CVS and Aetna: Driving Down Health Insurance Costs Soon?

Chris Surrency

It appears we’re on the verge of a very interesting time in the United States as it relates to healthcare. With the news this weekend that CVS will be buying Aetna we’ve been thrown into uncharted territory as a retail pharmacy and clinic outfit will now control one of the largest insurance companies around. The timing is convenient when you consider that the upcoming Republican tax plan could impact those on, or approaching the ability to be on, Medicare and Medicaid. This could become the most convenient merger in my lifetime, offering healthcare to people at a much less expensive, far more convenient way. Then again, it could become one of the worst clusters in history by limiting then options of those who use Aetna to CVS locations only if they’re looking for healthcare. We’ve been hoping something better would come along, something would force change in the industry, and something would make it far more affordable to keep yourself alive and healthy. While there is a chance this could be the positive option we’ve been holding out hope for, but on the flipside of this whole thing could blow up in our faces as we get forced into a “one stop shop” outfit for all your healthcare needs, and refusing coverage if you dare go outside the network.

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There are benefits to be had in this merger as CVS runs over 10,000 drugstores, and they’ve been making strides in the medical community by actually opening walk-in clinics. Their partnership with Target has helped them reach more people, providing a specialty pharmacy setting that handles higher prices drugs. CVS also bought a majority stake in Caremark about 10 years back, so not only do they offer walk-in treatment but they are also a primary force in helping insurers manage their prescription plans, including negotiating better prices for the insurers from drug manufacturers. Now that they will be the insurer themselves there is an even greater benefit to negotiating the lowest price possible for their plans, as it will mean lower cost on their end as a provider, which theoretically should mean better prices for the consumer. If things are done properly this could be a great deal for the consumer, it could mean lower prices for treatment, office visits, and possibly insurance in general for a large portion of Americans. We’ll have to see in what direction they end up going, personally I hope for the positive.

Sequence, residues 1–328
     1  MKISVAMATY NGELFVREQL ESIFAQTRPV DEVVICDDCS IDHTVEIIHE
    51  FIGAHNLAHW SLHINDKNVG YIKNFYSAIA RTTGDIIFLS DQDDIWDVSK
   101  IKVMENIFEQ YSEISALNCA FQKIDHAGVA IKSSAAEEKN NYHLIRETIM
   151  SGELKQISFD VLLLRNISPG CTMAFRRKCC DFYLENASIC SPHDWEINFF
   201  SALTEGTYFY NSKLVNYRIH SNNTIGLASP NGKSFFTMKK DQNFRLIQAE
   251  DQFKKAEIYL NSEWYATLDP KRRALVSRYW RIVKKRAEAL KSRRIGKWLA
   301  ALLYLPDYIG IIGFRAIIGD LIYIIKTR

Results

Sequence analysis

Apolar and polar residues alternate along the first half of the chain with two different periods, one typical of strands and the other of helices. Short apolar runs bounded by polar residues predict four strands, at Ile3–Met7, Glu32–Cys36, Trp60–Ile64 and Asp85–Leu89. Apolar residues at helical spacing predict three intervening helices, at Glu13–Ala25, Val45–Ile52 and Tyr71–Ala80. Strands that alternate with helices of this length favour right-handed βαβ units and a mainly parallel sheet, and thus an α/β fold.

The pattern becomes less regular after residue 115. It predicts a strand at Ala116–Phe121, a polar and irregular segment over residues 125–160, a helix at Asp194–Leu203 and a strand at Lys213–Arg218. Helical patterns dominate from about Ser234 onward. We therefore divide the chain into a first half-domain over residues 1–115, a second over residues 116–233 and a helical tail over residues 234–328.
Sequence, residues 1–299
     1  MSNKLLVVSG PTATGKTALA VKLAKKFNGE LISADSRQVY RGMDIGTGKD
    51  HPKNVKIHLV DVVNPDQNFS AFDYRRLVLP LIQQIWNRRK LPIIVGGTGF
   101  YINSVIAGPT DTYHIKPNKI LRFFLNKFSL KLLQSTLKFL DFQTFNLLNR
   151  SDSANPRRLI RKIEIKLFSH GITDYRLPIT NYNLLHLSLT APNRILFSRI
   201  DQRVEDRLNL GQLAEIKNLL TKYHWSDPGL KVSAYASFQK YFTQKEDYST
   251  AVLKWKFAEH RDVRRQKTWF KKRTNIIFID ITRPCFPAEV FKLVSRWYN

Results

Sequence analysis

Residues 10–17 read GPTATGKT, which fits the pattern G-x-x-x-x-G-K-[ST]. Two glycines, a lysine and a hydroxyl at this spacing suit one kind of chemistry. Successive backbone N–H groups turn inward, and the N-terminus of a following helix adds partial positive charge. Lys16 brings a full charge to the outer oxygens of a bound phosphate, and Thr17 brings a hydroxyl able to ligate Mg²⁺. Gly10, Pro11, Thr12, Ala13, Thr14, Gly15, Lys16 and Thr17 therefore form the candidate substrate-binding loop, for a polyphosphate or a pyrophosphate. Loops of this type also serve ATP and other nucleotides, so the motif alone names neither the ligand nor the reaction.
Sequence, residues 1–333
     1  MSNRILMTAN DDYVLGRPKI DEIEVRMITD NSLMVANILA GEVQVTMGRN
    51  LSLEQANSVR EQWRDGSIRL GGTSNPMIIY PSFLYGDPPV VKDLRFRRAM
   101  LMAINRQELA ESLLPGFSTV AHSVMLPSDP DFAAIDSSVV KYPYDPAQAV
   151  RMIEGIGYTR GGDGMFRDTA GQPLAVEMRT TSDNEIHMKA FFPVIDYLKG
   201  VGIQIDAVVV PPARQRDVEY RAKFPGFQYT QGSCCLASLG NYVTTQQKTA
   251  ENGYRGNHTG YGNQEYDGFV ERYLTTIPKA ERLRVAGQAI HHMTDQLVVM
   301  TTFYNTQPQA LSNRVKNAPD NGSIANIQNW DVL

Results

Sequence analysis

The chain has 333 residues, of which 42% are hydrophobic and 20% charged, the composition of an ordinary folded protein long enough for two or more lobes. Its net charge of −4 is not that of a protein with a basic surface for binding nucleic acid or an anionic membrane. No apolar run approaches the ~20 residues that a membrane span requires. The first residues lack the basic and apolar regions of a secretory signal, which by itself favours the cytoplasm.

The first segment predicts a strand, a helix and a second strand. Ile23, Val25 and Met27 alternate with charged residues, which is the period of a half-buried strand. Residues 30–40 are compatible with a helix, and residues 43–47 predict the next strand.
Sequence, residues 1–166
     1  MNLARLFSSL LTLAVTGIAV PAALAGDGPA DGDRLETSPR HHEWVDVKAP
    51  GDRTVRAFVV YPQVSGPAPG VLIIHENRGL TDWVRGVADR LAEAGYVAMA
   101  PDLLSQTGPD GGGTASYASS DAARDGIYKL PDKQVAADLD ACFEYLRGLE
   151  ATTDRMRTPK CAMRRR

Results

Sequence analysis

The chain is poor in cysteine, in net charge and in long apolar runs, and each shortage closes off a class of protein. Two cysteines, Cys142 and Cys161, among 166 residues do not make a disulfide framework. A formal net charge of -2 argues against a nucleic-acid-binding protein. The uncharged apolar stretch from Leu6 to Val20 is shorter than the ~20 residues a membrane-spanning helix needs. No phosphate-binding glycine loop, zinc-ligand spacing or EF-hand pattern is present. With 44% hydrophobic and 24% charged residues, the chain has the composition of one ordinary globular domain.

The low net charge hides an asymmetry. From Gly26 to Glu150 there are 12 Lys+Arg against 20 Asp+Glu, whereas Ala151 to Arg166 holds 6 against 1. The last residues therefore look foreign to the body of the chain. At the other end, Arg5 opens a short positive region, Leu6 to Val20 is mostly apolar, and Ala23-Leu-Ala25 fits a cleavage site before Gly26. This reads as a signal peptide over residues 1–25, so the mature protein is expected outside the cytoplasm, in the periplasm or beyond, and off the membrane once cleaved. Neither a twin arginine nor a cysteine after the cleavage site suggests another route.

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There are always counterpoints to be found on any argument, in this case it sounds amazing on the surface, which leads to the question of what exactly could be a down side? One thing people have mentioned is looking back at a merger in 2004 between WellPoint and Anthem, the thought was that this merger would allow consumers medical data to he accessed through the new massive computer network that was created. The problem being that we’re sitting at nearly a decade and a half later and the supposed benefits haven’t really played out for consumers as expected. Another potential problem for consumers, a pretty big one as well, is that the entire deal could be blown apart by Uncle Sam instead of being allowed to proceed. There are those who feel this could put too much power into the hands of one combined company, especially with CVS already having plans in place to work with Anthem starting in 2020, and as a result the government could ground it before take off. I have hopes that it’ll all work out in the end, and that it’ll be much more good than bad for consumers. Only time will tell how it all plays out, this is a massive merger, so the direct impact may not be felt for years to come.

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Chris Surrency

Chris Surrency is an aspiring author and article writer with opinions on many different topics. He fell in love with writing as a child in elementary school and has taken any occasion possible to let the words that roll around in his head come out whether it be in a notebook or on a computer. Chris got his first opportunity to write online at, a subsidiary site for Wrestling News World, posting opinion pieces. He later joined the Yahoo Contributor's Network, covering many topics from science to video games and back to sports, and almost all points in between, he posted well over one hundred articles up until the moment Yahoo dismantled the network. Since that time he's provided content to different sites online, written his first novel, and eventually made his way to MCXV where he's finally capturing the enjoyment he once found while writing at Yahoo once again.